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Techniques

Chapter 2

University of Illinois at Urbana-Champaign

Simon Fraser University

2011 Han, Kamber, and Pei. All rights reserved.

1

Chapter 2: Getting to Know Your

Data

Data Objects and Attribute Types

Data Visualization

Summary

2

Types of Data Sets

Record

Relational records

Data matrix, e.g., numerical matrix, crosstabs

Document data: text documents: term-

frequency vector

Transaction data

Graph and network

World Wide Web

Social or information networks

Molecular Structures

Ordered

Video data: sequence of images TID Items

Temporal data: time-series

1 Bread, Coke, Milk

Sequential Data: transaction sequences

2 Beer, Bread

Genetic sequence data

Spatial, image and multimedia: 3 Beer, Coke, Diaper, Milk

Spatial data: maps 4 Beer, Bread, Diaper, Milk

Image data: 5 Coke, Diaper, Milk

Video data:

3

Important Characteristics of

Structured Data

Dimensionality

Curse of dimensionality

Sparsity

Only presence counts

Resolution

Patterns depend on the scale

Distribution

Centrality and dispersion

4

Data Objects

Data sets are made up of data objects.

A data object represents an entity.

Examples:

sales database: customers, store items, sales

medical database: patients, treatments

university database: students, professors, courses

Also called samples , examples, instances, data points,

objects, tuples.

Data objects are described by attributes.

Database rows -> data objects; columns ->attributes.

5

Attributes

Attribute (or dimensions, features, variables):

a data field, representing a characteristic or feature

of a data object.

E.g., customer _ID, name, address

Types:

Nominal

Binary

Numeric: quantitative

Interval-scaled

Ratio-scaled

6

Attribute Types

Nominal: categories, states, or names of things

Hair_color = {auburn, black, blond, brown, grey, red, white}

marital status, occupation, ID numbers, zip codes

Binary

Nominal attribute with only 2 states (0 and 1)

Symmetric binary: both outcomes equally important

e.g., gender

Asymmetric binary: outcomes not equally important.

e.g., medical test (positive vs. negative)

Convention: assign 1 to most important outcome (e.g., HIV

positive)

Ordinal

Values have a meaningful order (ranking) but magnitude between

successive values is not known.

Size = {small, medium, large}, grades, army rankings

7

Numeric Attribute Types

Quantity (integer or real-valued)

Interval

Measured on a scale of equal-sized units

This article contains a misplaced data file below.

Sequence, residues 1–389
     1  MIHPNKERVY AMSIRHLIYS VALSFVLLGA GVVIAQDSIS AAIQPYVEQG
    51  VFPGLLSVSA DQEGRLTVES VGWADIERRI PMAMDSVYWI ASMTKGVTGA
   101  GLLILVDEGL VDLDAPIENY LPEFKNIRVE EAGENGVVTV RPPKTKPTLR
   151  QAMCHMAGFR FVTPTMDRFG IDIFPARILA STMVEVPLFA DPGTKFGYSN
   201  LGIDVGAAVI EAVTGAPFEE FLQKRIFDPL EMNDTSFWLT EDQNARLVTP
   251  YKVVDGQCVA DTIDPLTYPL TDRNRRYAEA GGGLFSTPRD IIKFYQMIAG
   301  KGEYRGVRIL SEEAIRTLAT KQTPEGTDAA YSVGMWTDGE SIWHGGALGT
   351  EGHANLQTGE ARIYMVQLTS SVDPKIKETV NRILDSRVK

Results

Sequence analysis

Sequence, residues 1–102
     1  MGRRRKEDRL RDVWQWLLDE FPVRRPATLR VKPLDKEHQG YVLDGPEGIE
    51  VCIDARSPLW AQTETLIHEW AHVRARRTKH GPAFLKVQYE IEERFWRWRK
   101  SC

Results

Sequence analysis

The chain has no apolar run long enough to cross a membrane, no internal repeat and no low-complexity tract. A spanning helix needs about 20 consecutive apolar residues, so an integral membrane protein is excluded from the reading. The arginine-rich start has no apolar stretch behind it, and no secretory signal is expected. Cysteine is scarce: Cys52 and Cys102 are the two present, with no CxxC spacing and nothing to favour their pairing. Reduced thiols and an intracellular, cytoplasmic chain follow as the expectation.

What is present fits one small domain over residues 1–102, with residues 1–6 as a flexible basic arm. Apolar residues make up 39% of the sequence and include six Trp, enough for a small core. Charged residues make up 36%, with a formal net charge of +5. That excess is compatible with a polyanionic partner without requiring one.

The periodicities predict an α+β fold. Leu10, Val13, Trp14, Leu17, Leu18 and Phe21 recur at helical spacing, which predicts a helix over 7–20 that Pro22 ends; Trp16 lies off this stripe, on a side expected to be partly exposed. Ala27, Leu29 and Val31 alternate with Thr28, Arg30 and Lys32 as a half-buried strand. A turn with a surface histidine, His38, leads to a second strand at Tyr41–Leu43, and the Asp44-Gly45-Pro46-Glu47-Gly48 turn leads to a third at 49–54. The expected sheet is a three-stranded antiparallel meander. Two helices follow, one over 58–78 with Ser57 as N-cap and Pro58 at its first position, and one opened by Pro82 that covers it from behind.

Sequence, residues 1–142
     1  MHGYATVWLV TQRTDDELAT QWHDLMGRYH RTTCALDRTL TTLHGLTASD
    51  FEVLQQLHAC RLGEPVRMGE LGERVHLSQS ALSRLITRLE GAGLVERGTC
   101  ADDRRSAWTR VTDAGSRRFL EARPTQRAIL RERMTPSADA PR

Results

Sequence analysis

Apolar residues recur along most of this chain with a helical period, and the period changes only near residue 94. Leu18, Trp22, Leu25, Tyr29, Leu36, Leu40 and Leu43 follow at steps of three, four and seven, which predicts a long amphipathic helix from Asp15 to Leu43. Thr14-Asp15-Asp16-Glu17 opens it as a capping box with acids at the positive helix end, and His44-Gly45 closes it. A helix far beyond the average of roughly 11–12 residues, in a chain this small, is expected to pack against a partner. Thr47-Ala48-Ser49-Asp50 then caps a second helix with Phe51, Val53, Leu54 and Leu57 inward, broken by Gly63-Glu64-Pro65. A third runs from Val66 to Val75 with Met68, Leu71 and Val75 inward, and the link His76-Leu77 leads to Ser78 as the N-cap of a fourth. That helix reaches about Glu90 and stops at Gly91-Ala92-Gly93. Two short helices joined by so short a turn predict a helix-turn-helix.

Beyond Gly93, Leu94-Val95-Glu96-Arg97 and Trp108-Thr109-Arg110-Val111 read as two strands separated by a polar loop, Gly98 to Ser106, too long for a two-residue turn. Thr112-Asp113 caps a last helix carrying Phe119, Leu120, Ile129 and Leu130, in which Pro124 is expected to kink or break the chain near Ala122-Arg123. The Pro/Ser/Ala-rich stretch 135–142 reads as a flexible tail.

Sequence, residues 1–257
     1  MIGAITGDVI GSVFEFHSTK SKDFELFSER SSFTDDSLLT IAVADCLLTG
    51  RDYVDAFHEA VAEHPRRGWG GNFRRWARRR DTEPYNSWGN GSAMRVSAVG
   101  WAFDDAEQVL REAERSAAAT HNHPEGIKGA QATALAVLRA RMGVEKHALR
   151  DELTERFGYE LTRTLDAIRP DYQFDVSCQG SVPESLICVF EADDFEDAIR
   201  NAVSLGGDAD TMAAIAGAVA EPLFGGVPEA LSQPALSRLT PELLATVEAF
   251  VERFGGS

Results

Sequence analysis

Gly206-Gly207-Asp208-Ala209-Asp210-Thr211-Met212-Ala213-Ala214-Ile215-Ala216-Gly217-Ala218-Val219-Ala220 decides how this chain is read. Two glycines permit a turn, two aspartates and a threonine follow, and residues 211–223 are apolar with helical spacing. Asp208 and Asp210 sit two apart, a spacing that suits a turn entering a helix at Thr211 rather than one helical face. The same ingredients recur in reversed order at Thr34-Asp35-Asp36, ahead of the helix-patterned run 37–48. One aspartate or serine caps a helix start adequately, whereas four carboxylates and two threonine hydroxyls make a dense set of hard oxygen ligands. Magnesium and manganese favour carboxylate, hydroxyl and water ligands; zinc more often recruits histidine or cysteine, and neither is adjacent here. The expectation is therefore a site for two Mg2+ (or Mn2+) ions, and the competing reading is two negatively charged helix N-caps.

Values have order

E.g., temperature in Cor F, calendar dates

No true zero-point

Ratio

Inherent zero-point

We can speak of values as being an order of

magnitude larger than the unit of measurement

(10 K is twice as high as 5 K).

e.g., temperature in Kelvin, length, counts,

monetary quantities

8

Discrete vs. Continuous

Attributes

Discrete Attribute

Has only a finite or countably infinite set of values

collection of documents

Sometimes, represented as integer variables

attributes

Continuous Attribute

Has real numbers as attribute values

Continuous attributes are typically represented as floating-

point variables

9

Chapter 2: Getting to Know Your

Data

Data Objects and Attribute Types

Data Visualization

Summary

10

Basic Statistical Descriptions of

Data

Motivation

To better understand the data: central tendency,

variation and spread

Data dispersion characteristics

median, max, min, quantiles, outliers, variance, etc.

Numerical dimensions correspond to sorted intervals

Data dispersion: analyzed with multiple granularities

of precision

Boxplot or quantile analysis on sorted intervals

Dispersion analysis on computed measures

Folding measures into numerical dimensions

Boxplot or quantile analysis on the transformed cube

11

Measuring the Central Tendency

Mean (algebraic measure) (sample vs. population): 1 n

x xi x

Note: n is sample size and N is population size. n i 1 N

Weighted arithmetic mean: n

x i 1

n

Median:

Middle value if odd number of values, or average of the

w

i 1

i

Estimated by interpolation (for grouped data):

n / 2 ( freq )l

Mode median L1 ( ) width

freq median

Value that occurs most frequently in the data